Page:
All of us want to live a long and healthy life. The search for the Fountain of Youth has been an obsession of man from time immemorial. More than ever before, our quest for that “secret formula” today has intensified in the research labs and medical centers around the world.
While the scientific exploration and pursuit goes on, cosmetic surgery today is able to do “miracles” with the external physical look, from sophisticated dental procedures to nose and eye job, breast enhancement, facelift, liposuction, to tummy tuck, etc. While these wonderful procedures can make a 60-year-old look like 40, or even 30, and improve the psyche of the individual, they do not confer physiological youth, health, and longevity.
Physicians, nutritionists, exercise physiologists, on the other hand, have continually advocated their time proven prescription for health and longevity: moderation in calorie intake of low-fat, low-cholesterol, low-carbohydrate, high-fiber diet, consisting mainly of fish, vegetables, fruits, nuts and grains, and minimal red meat, eggs and other dairy products; daily physical exercises; abstinence from tobacco; moderation in alcohol intake; stress management with mini-vacation and time offs, with family and/or friends; and regular annual medical check-up.
Clouding the issue to a blur, pseudo-scientists employed by food supplement manufacturers, who are obviously motivated purely by financial gains, are victimizing the unsuspecting public with their grand claims that their juices, potions or lotions, or tablets and capsules are a cure to multitude of diseases on the planet from acne to Alzheimer’s, from diabetes to cancer. Some even have the audacity to infer their product improves longevity. Unfortunately, people who do not know any better, who are simply groping for a relief, a cure, or a remedy to make them feel younger, swallow all these medically unsubstantiated infomercials and ridiculous assertions, hook, line and sinker. Disappointingly, even our government and its agencies are impotent in protecting the public from this sham and scam.
Geneticists have now identified a gene that allows people to live to 90 or older and also helps prevent the onset of dementia we call Alzheimer’s. Those with this “supergene” have a lot greater chance of hitting the century mark without the usual accompanying confused thinking and memory loss from brain cell damage, which some hypothesize could be due to beta-amyloid protein deposition. More studies are underway to settle this issue.
This gene variant, the “supergene,” is technically known as CETP VV. Individuals with this special gene “age slower and have the ability to resist life-threatening ailments such as heart disease,” according to Nir Barzilai, director of the Institute for Aging Research at the Albert Einstein College of Medicine in New York.
“A brain function test found that seniors who had inherited the gene variant were twice as likely to have good brain function – able to think clearly and remember new information – compared to seniors without the gene,” says the report.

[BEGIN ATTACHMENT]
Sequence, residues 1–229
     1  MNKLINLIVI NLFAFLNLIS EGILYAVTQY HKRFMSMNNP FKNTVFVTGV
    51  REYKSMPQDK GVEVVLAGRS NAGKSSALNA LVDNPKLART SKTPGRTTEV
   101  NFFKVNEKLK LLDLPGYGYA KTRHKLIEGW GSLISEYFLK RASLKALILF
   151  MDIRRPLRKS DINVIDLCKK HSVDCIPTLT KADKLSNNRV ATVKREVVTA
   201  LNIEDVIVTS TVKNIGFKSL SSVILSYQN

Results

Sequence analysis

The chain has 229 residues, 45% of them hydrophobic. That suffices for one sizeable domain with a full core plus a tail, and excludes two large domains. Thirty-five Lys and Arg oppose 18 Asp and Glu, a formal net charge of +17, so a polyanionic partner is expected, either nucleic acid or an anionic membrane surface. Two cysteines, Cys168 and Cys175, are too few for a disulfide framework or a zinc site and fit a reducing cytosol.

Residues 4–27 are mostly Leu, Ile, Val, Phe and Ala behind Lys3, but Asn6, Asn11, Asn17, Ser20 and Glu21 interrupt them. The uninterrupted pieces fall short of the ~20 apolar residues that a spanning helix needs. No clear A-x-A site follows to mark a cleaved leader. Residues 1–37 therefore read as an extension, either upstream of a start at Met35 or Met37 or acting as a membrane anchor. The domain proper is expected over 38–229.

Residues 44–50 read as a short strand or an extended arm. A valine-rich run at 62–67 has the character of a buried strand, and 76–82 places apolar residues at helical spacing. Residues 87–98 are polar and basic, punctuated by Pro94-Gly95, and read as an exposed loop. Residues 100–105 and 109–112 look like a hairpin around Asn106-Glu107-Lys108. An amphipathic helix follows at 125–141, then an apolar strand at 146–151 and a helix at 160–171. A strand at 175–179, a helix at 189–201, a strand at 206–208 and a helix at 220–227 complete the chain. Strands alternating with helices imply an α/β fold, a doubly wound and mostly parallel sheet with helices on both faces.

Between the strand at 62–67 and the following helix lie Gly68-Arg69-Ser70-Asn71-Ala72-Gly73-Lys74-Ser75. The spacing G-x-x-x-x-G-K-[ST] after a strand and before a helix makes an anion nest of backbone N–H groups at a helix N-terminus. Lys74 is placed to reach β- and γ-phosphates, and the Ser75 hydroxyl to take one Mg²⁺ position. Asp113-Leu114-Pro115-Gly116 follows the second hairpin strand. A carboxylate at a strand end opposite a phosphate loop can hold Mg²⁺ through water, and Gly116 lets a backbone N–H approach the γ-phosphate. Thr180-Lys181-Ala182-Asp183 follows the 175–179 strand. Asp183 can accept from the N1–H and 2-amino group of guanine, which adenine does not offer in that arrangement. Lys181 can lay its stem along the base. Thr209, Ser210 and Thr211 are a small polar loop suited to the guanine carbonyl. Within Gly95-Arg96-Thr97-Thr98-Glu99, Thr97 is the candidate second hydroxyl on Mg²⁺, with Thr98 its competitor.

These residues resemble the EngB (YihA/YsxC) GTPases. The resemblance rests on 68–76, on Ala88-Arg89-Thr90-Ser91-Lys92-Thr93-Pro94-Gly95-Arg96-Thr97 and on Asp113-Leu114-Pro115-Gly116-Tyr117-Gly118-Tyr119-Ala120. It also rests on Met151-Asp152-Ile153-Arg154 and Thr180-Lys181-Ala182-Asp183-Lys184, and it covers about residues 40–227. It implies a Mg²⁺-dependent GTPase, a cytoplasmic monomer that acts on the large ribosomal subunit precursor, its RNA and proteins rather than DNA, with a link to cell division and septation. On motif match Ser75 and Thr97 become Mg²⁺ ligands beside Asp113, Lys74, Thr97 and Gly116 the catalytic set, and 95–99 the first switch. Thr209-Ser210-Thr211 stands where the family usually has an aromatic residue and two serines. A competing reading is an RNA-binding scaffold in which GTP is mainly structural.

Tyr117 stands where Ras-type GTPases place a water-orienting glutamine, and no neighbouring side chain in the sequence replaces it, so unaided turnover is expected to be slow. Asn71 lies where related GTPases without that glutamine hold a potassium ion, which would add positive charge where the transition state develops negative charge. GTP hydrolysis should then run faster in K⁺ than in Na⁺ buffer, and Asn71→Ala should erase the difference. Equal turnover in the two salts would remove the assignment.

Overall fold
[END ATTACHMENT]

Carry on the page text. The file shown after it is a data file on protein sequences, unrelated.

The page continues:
How the “supergene” promotes longevity and protects the brain is still unknown. Past studies have shown that the gene “could affect the size of the lipoproteins in the blood that deposit or clear away cholesterol…people with the gene tend to be at less risk of clogged arteries,” according to Dr. Barzilai.
The bad cholesterol or LDL (low density lipoprotein) and triglycerides from the food we eat thicken our blood. The thick blood is circulated through the arteries and “painted” on the inner wall of all arteries in the body, including the coronary (heart) and cerebral (brain) arteries. As the arterial walls thicken with layers upon layers of thick blood, the arterial lumen (caliber or diameter) becomes narrower, and the arteries eventually get clogged. This obstruction reduces or cuts the blood (oxygen and nutrients) supply to the organs they are supposed to deliver to, which damages the cells and tissues of those vital parts of the body.
The usual findings among Alzheimer patients are elevated blood cholesterol level, and on postmortem, their brain tissues have a lot of beta amyloid deposits, akin to the cholesterol deposits on the walls of the arteries elsewhere in their body. In view of this, it is postulated that the inherent ability of the supergene to slow down the cholesterol and beta-amyloid deposit, or even clear existing deposits, promoting better blood circulation to the brain and other vital organs, might be the mechanism of its protective action. The final word has not been said on this issue.
Since we do not know who among us have the “supergene,” all of us have to behave, live a healthy lifestyle, and take advantage of what today’s sophisticated medical science and technology can offer us to maximize our health, happiness and longevity. Getting older is terrific, because the only alternative is to die young. Let us grow in years but remain young at heart.
Philip S. Chua, MD, FACS, FPCS, Cardiac Surgeon Emeritus in Northwest Indiana and chairman of cardiac surgery from 1997 to 2010 at Cebu Doctors University Hospital, where he holds the title of Physician Emeritus in Surgery, is based in Las Vegas, Nevada. He is a Fellow of the American College of Surgeons, the Philippine College of Surgeons, and the Denton A. Cooley Cardiovascular Surgical Society. He is the chairman of the Filipino United Network – USA, a 501(c)(3) humanitarian foundation in the United States. Email: firstname.lastname@example.org